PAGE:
More and more, we use websites and web applications in our day-to-day lives. We should ensure digital environments are as usable and welcoming as possible and weave accessibility into our daily work.
Creating personal documentation can provide helpful context to your coworkers as you collaborate with each other. In this post, we’ll talk about the benefits (and caveats) of building a work ReadMe for yourself.
It may not seem like it, but there are accessibilty concerns for emails as well! This post will list a few techniques to help improve the accessibility of the emails you send.
Many of us use social media daily, but far less of us stop to consider how to make that content usable for more than just an abled audience. This post will list a few techniques to help improve the accessibility of your social media posts.
This is a short post that provides a high-level overview of my specific note-taking process for work. I don’t have a catchy name for this process, and I’m not trying to be prescriptive or convince you to use it yourself. This is just a reference post that you may find helpful while you figure out what sort of note-taking process works for you.
There are a number of ways that you can improve the accessibilty of your slides and the way your present them. This post will go over some of the most common methods and principles that you can use to ensure as many people as possible can experience your presentation.
I’ve been taking notes while I work for most of my career. While I’ve always found them to be useful, they’ve continued to become even more important to me with each passing year. To give you some ideas of why you might want to consider taking notes, I’ve provided a few examples in this post.
This post provides a quick overview of confidence testing in the context of web accessibility, including caveats, benefits, and example tools.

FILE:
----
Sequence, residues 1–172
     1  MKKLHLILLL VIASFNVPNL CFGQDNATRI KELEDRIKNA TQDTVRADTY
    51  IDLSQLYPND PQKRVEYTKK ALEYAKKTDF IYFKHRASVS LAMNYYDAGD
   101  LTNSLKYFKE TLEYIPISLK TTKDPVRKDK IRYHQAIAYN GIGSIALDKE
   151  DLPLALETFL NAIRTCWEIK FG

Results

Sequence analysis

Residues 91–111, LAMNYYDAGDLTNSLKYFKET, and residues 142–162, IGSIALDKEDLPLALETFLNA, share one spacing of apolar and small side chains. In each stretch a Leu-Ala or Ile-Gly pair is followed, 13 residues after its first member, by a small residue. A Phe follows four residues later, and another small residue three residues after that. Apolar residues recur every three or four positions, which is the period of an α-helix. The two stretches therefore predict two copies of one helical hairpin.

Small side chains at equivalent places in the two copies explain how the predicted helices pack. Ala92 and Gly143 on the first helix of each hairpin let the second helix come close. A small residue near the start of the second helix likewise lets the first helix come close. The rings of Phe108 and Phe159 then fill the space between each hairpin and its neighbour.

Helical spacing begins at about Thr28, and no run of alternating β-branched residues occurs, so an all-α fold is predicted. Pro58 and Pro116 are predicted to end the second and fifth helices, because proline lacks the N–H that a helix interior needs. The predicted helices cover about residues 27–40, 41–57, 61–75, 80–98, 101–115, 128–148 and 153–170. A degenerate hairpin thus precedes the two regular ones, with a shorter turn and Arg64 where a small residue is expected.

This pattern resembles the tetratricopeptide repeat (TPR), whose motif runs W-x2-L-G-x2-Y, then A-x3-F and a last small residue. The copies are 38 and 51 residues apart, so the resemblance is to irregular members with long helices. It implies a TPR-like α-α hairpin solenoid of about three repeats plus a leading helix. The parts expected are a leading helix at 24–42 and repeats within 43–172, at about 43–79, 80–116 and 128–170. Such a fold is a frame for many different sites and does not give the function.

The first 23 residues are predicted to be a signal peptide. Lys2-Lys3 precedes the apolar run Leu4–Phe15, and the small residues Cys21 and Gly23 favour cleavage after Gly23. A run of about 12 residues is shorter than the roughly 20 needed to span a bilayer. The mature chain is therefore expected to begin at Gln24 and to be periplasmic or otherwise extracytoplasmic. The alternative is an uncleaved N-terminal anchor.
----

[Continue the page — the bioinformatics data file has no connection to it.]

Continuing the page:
In this post, we’ll talk about the basics of semantic HTML elements and why they’re important to think about when you’re building a web page.
Sometimes projects have to be put on hiatus. Other things get in the way. Focus can shift over time. I end up returning to old stuff pretty often, so I’ve written down the set of questions I use to reapproach paused projects.
Context is key to helping us understand our software, especially when we look at that software later. Comments and commits occupy an important space in how we understand what we’re building.
Putting together a time-lapse can be a fun reminder of the time you spent working on a project. This is the process I’ve used to create time-lapses for various projects.
I keep all of the games I work on in a gallery page on this site. Earlier this year, I finished building a game with some friends, and had to update that page.
I’ve put together a small list of things I find helpful to do before and during a game jam. Some of these suggestions may seem obvious, but you’d be surprised how easy it is to forget things when a deadline is approaching.
This post accumulates the tools I use when I make games. I use most of the things on this list frequently. Tools that are free and/or open source are marked. Most of the games I make are digital. I use Microsoft Windows on my computer, though most of the software tools here are also available for other platforms.